All athletes want to perform at the highest possible level. With that in mind, many turn to supplements in the hopes of improving themselves, be it in respect to strength, speed or mental acuity. Let’s look at the most common supplements and see what science says about their efficacy.
Research has proven that those athletes who follow a well balanced diet do not seem to gain any benefits by taking vitamin supplements. It must be said that no negative consequences have been found by those who take vitamins. So, if you are eating correctly, there is no need. If you do take them, though, be confident that you will not be harmed.
One exception to this can be made: some females can benefit from iron or calcium supplements.
Protein and Amino Acids
Ah, the ubiquitous protein shake that’s found in field houses around the nation.
To put it succinctly: not needed. Why? Athletes drink these shakes in the expectation of increasing muscle mass. True, most people get bigger when they are drink them. Surprisingly, though, the increase in mass is almost completely derived from the calories consumed and not excess protein. The protein found in a balanced diet is more than enough to build muscle.
Because these are relatively new to the market, not much science has been done investigating them. The results are mixed: they help (no, they don’t–the additional calories are what helps), they reduce muscle soreness (no they don’t. In fact, they have no impact whatsoever).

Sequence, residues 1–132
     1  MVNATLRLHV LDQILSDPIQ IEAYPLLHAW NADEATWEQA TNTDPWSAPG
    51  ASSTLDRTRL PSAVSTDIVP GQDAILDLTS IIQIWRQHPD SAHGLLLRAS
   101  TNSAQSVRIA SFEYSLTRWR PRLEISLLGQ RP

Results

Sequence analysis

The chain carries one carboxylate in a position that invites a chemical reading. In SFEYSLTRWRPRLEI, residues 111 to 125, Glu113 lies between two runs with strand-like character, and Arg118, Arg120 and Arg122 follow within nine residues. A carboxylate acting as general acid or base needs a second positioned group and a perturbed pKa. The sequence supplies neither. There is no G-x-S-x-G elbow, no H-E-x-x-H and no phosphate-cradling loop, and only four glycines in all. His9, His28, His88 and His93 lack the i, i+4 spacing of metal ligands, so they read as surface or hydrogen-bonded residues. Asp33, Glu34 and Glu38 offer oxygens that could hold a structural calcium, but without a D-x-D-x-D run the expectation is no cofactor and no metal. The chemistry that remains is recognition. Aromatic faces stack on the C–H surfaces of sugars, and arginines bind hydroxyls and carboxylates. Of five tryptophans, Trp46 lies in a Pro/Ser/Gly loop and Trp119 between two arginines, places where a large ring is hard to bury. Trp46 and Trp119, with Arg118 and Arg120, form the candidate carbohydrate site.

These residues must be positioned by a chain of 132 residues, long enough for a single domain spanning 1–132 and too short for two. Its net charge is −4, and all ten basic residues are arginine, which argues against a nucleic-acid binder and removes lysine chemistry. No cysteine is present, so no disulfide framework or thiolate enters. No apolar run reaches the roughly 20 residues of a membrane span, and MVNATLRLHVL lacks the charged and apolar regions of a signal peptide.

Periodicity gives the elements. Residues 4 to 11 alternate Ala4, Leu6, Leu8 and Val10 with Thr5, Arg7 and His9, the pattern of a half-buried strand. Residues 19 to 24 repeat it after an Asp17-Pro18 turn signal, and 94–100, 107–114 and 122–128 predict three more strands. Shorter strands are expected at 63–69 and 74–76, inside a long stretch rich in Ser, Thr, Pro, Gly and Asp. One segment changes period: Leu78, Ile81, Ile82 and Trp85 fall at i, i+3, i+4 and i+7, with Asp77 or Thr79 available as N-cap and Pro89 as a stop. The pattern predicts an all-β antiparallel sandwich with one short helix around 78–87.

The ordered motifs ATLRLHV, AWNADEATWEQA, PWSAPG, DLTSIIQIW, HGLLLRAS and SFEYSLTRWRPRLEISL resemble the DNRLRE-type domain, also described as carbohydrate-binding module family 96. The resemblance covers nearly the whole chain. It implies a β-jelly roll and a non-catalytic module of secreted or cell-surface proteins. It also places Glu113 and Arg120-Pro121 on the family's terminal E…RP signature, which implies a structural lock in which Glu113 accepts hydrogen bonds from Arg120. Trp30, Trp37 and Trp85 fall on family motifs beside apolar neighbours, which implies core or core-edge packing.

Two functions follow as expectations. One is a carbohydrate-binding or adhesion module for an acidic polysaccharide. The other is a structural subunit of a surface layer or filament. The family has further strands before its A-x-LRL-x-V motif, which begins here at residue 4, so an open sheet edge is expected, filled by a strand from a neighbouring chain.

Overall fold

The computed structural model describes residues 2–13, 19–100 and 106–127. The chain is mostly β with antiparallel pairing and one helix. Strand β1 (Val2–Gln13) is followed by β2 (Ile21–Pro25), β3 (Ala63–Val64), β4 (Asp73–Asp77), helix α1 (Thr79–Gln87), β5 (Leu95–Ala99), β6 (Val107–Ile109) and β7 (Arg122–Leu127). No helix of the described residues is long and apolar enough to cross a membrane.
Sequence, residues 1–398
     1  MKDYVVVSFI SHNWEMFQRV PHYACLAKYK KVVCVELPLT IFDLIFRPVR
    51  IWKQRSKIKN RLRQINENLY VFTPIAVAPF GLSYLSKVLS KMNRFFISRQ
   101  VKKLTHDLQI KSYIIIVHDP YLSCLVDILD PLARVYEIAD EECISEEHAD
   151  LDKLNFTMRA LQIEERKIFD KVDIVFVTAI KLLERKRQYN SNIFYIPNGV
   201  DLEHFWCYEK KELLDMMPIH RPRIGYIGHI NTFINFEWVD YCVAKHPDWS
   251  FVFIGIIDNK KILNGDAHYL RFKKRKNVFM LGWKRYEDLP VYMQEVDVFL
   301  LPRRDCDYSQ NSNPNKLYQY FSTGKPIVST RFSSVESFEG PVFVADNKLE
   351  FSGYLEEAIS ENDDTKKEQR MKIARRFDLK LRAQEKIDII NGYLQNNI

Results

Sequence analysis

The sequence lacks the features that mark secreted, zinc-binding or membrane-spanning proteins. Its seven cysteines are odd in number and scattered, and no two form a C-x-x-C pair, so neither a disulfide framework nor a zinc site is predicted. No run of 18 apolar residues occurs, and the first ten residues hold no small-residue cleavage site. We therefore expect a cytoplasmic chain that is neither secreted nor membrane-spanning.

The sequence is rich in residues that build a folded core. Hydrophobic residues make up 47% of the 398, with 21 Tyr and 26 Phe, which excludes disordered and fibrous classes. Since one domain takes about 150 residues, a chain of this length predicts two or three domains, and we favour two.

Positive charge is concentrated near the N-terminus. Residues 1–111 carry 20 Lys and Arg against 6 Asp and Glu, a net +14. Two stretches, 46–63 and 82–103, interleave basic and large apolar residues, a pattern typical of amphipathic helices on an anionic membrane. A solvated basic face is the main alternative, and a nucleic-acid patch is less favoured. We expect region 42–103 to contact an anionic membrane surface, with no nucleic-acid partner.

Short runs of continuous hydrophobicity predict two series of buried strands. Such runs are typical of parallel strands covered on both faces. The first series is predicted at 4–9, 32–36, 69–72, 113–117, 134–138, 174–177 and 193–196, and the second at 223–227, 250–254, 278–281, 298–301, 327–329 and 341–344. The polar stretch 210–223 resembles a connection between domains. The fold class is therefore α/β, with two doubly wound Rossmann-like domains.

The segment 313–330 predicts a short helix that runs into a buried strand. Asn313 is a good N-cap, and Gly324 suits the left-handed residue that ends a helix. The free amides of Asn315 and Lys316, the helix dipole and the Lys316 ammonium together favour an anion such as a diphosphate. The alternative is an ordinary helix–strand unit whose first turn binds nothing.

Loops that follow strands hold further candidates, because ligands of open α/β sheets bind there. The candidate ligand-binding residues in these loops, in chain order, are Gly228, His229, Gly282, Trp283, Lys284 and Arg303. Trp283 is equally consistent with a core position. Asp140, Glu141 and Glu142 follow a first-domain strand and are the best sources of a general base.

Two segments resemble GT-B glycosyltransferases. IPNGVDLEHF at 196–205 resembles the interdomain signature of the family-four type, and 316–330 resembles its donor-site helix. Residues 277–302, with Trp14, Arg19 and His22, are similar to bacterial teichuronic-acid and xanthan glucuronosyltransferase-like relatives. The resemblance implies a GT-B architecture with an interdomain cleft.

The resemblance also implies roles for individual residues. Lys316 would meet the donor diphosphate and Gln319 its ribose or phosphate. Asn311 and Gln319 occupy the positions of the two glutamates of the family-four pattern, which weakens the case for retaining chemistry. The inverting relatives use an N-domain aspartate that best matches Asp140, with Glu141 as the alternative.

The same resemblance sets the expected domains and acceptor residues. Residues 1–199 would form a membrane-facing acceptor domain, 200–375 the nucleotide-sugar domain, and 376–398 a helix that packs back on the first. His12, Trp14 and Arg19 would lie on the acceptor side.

What the studies have agreed upon is that there does not seem to be any danger in drinking them.
This was huge at McCallum around a decade ago. In fact, a local news station did a story on our athletes using creatine shakes as part of their workout routine.
Creatine is a naturally occuring compound that is found in muscles. It is one of the fuels for short term energy production and seems to increase muscle glycogen levels. Sounds good so far. But, as Lee Corso says, “Not so fast, my friend.”
There are no good studies that show potential side effects of using creatine in younger athletes. The studies do show, however, that creatine could promote muscle cramping, especially in heat. This potential side effect alone should sway you from taking this supplement.
Most nutritionists clearly state that creatine should not be taken by young athletes. Besides, enough creatine is found in fish, white meat, and red meat to satisfy an athlete’s needs.
Conclusion: a good diet will provide all creatine needed by muscles.